SINCE 2003, 72 yuan billionaires in the PRC have met an unnatural demise, with 19 illnesses, 17 suicides, 15 homicides, 14 executions and seven ‘accidents.’
And this month, Mainland Chinese prosecutors have begun targeting perceived executive excesses in the telecom industry, with former China Mobile vice-chairman Zhang Chunjiang recently handed down a death sentence for accepting bribes.
A Chinese language piece in New Culture News asks whether being ultra rich is becoming somewhat of a health hazard.
In a piece entitled: Wealth and Death, the Shortened Lives of the Super-rich, an expert on the social impact of rapid wealth in society says: “In Mainland China it is quite ironic that for a growing number of tycoons, that for which so many of us strive (supreme wealth) and that which we take so many precautions to avoid and delay (death) are becoming oddly intertwined of late.”
China's 'Dead Billionaires Club' accepting new members at somewhat alarming rate
For reference’s sake, let’s begin with the start of the period under study, January 22, 2003.
That marks the fateful, and fatal, day when two childhood friends met in adulthood to discuss a proposed property deal – Feng Yinliang was seeking to sell a parcel of land to Haixin Steel’s billionaire Chairman Li Haicang.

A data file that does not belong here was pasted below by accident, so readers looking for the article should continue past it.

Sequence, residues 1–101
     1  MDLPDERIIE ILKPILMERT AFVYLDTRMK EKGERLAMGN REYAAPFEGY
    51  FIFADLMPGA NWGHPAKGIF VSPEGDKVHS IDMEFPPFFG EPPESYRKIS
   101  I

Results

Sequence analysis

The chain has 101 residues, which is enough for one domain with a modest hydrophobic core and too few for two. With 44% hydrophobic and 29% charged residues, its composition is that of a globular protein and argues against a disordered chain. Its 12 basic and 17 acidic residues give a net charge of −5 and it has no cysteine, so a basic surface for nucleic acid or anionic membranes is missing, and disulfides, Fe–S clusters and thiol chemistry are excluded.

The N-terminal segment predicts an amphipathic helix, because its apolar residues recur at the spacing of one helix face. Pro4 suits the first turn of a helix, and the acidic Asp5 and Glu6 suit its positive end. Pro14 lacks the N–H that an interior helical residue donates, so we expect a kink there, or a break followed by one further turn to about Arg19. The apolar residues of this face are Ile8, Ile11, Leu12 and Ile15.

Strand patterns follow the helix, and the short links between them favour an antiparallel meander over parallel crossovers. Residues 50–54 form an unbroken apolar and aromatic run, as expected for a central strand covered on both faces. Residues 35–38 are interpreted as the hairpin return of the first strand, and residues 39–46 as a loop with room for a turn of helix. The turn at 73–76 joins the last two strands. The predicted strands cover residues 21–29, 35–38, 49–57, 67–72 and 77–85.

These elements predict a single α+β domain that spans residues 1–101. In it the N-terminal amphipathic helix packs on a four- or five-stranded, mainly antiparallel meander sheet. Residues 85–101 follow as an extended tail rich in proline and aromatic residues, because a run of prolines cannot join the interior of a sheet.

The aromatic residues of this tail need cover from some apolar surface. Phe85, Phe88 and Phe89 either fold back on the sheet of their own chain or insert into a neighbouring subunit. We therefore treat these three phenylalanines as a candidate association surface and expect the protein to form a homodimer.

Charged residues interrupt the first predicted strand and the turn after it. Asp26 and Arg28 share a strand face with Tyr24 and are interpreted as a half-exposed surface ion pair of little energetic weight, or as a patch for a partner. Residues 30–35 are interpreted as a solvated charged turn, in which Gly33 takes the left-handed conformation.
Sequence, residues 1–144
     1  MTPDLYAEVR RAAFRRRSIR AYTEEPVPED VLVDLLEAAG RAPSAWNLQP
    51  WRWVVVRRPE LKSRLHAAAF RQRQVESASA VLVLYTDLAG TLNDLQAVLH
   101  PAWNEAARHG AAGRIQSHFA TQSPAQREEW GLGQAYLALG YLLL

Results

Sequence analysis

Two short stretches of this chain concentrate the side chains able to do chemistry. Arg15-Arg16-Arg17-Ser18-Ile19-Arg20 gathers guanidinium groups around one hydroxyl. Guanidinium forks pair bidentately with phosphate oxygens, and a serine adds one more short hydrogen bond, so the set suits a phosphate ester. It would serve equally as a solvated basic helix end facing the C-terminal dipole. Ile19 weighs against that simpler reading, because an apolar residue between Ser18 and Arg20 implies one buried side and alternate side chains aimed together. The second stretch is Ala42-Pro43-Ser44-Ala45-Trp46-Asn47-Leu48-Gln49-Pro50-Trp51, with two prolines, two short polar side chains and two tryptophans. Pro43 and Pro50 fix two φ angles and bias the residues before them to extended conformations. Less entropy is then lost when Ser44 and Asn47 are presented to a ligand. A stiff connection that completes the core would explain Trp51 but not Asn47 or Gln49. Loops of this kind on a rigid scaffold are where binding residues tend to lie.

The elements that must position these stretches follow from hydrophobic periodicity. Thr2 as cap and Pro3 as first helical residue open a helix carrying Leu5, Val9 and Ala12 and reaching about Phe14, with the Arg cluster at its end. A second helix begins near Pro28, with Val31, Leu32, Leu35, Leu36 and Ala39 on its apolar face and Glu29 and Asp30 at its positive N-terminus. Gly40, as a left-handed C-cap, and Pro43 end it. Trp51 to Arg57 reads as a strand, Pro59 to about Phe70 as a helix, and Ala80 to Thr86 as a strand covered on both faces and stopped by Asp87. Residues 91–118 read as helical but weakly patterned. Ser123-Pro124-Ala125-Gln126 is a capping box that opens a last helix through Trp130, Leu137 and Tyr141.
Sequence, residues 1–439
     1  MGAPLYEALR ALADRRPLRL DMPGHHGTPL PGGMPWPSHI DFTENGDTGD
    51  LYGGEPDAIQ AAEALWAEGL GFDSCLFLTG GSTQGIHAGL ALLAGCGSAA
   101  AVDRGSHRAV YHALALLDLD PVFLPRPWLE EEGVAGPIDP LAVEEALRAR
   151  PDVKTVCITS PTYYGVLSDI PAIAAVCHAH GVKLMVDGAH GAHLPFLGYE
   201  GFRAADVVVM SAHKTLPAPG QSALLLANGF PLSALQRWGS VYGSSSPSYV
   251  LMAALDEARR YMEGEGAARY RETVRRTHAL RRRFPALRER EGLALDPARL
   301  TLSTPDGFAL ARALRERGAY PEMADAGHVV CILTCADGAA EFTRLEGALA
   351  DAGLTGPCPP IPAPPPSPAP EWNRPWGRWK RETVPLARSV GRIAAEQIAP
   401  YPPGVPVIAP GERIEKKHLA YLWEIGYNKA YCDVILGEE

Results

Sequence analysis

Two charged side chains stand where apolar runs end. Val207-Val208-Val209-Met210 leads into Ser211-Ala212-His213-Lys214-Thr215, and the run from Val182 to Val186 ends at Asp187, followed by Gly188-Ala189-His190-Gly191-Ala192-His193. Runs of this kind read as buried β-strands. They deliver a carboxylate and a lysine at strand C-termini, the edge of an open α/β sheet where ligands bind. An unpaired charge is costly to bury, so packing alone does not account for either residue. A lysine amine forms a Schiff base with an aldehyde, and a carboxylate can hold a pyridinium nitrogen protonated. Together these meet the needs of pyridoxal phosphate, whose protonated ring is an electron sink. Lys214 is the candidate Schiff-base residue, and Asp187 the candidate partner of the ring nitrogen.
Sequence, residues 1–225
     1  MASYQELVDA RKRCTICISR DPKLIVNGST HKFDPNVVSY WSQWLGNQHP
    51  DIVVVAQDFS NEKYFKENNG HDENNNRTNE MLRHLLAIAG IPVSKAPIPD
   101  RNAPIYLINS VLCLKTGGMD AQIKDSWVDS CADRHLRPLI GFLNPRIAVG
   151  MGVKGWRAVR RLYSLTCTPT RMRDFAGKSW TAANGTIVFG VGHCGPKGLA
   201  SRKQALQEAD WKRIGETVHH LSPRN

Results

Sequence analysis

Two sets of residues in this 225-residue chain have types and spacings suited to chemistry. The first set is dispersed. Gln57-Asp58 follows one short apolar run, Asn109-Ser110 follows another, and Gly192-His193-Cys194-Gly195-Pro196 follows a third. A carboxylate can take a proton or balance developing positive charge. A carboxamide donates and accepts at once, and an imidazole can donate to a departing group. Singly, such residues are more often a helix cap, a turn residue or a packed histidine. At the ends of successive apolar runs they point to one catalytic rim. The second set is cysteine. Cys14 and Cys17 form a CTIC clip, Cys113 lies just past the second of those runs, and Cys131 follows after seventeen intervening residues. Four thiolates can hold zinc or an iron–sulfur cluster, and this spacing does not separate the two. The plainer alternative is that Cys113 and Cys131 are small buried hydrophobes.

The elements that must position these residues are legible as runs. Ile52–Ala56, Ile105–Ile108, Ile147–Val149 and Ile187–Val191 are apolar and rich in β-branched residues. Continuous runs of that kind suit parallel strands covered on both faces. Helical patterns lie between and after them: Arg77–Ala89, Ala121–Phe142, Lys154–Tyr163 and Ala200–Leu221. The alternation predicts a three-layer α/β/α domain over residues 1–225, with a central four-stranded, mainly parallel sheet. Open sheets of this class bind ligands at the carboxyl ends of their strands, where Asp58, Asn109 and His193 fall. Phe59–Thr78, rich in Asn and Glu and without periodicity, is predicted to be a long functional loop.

When Li turned his old friend down, Feng pulled out a shotgun, put the sawed-off barrel to his tycoon friend’s head, and pulled the trigger. He then turned the gun on himself, saving the authorities the speedy trial with the identical outcome.
The authorities called it a “commercial dispute” that went horribly wrong, ending in a murder-suicide.
However, it was one of many deaths of PRC billionaires over the past eight years that smack of a latent rage ignited by economic jealousy.
Li had risen from economic obscurity to become the wealthiest and most powerful man in Wenxi County, a region in relatively backward Shanxi Province that it seeing the steady rise of a small number of coal and steel barons to billionaire status while the larger masses of people generally remain stuck at slightly above subsistence wages.